A 108-year-old former fire station in the Highlands traded this week in a $2.4 million deal.
Once home to Fire Station No. 7 in North Denver, the three-story redbrick building on the northeast corner of Tejon Street and West 36th Avenue has since been converted into apartments and ground-floor retail.
The buyer is Firehouse Ventures LLC, city records show, a company managed by Zahi Yaafouri.
“We are excited for the opportunity to own such a great landmark asset, and we are looking forward to work with all the wonderful tenants in the building,” Yaafouri wrote in an email statement. “We live in the neighborhood and saw an opportunity to invest in it, and we plan to own this building for a very long time.”
According to his LinkedIn profile, Yaafouri is an architect in the Denver office of engineering firm S.A. Miro.
Yaafouri is also an entrepreneur. He and twin brother Hani Yaafouri, who both hold master’s degrees from the University of Denver, opened Steam Espresso Bar on South Pearl Street in 2013.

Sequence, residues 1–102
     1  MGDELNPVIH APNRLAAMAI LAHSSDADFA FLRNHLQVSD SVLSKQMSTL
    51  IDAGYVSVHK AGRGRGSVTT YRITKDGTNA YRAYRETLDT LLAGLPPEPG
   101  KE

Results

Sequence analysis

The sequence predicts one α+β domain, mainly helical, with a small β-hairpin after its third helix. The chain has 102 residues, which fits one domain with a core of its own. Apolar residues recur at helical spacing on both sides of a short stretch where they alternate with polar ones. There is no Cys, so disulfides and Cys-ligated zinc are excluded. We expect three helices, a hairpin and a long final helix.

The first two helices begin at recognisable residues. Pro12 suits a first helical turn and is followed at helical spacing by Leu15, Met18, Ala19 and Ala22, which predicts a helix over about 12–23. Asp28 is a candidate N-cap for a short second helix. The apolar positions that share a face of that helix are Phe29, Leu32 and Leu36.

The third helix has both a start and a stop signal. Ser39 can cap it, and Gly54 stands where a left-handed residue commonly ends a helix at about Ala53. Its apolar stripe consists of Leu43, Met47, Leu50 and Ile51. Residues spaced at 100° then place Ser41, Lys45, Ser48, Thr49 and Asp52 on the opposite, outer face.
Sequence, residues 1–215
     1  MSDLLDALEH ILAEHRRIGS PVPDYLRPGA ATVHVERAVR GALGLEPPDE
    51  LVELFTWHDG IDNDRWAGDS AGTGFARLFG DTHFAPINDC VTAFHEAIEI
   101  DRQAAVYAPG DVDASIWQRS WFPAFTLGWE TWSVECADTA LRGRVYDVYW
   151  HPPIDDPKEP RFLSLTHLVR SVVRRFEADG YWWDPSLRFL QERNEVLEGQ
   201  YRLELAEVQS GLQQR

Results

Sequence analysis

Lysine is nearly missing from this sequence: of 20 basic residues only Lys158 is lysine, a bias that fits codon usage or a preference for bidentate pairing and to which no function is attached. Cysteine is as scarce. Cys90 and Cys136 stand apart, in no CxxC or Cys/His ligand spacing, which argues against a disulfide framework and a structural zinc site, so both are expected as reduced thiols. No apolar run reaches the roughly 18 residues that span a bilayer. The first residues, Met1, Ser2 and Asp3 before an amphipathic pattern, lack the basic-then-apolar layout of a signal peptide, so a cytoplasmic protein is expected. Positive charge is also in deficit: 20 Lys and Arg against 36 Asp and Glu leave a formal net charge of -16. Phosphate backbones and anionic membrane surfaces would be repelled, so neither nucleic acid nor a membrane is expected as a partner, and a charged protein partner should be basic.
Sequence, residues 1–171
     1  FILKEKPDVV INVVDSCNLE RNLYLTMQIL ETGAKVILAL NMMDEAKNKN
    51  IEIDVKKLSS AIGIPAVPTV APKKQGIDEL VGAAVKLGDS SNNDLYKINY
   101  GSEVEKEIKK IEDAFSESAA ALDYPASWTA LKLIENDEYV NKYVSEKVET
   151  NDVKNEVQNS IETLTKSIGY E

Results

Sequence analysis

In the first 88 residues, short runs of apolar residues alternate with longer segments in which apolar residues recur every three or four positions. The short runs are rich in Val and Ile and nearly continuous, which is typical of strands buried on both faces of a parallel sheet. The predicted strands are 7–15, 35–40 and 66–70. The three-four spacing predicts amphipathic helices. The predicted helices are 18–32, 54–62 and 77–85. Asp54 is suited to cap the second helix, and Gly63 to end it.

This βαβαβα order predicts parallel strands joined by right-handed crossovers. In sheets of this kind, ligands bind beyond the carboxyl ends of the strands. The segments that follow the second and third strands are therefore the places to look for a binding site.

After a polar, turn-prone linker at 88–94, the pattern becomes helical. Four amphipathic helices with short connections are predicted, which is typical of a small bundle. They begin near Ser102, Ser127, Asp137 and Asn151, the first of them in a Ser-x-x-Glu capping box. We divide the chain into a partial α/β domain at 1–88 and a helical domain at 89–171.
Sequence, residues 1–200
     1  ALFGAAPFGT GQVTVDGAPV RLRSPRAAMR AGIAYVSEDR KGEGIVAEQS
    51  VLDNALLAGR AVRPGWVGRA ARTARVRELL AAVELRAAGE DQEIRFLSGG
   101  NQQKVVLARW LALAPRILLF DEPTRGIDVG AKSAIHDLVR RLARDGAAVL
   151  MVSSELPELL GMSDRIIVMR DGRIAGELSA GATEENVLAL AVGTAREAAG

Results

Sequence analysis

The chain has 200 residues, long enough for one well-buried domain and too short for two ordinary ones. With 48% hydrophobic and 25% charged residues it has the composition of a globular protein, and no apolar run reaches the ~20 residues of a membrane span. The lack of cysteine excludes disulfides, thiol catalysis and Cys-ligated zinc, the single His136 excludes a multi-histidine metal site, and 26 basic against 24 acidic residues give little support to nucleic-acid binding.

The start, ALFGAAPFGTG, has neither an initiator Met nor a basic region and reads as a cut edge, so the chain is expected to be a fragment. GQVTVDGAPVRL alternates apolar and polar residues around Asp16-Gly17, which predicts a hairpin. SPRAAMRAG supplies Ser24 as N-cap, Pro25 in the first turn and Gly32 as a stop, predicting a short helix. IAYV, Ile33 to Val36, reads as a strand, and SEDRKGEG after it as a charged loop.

“As of today we don’t have immediate future plans,” Yaafouri said, “and just plan to focus on leasing a residential unit that might become available soon.”
Firehouse Ventures received a loan for $1.8 million from First Western Trust Bank in concert with the sale, city records show.
The seller is Firehouse Lofts LLC. That entity, which purchased the site in 2015 for $2 million, is managed by Emmit and Geoffrey Hoyl.
Mike Carnes with SVN/Denver Commercial represented both the buyer and the seller in the deal.
Fire Station No. 7 was designed by Glen W. Huntington, an architect whose many foursquare houses have been a part of neighborhoods like the East 7th Avenue Historic District since the late 19th and early 20th centuries.
The Highlands station is one of two renaissance revival-style firehouses that Huntington designed in Denver. The second, Fire Station No. 1 at 1326 Tremont Place, has been converted into a museum and is listed on the National Register of Historic Places.
Fire Station No. 7 was designated a city landmark in 1995. The property ceased to be a fire station in the 1970s, when a new station was built to accommodate larger firetrucks.
The building is split into one commercial and three residential units. The ground-floor retail space is occupied by Fig + Yarrow Apothecary, which sells cosmetics and toiletries.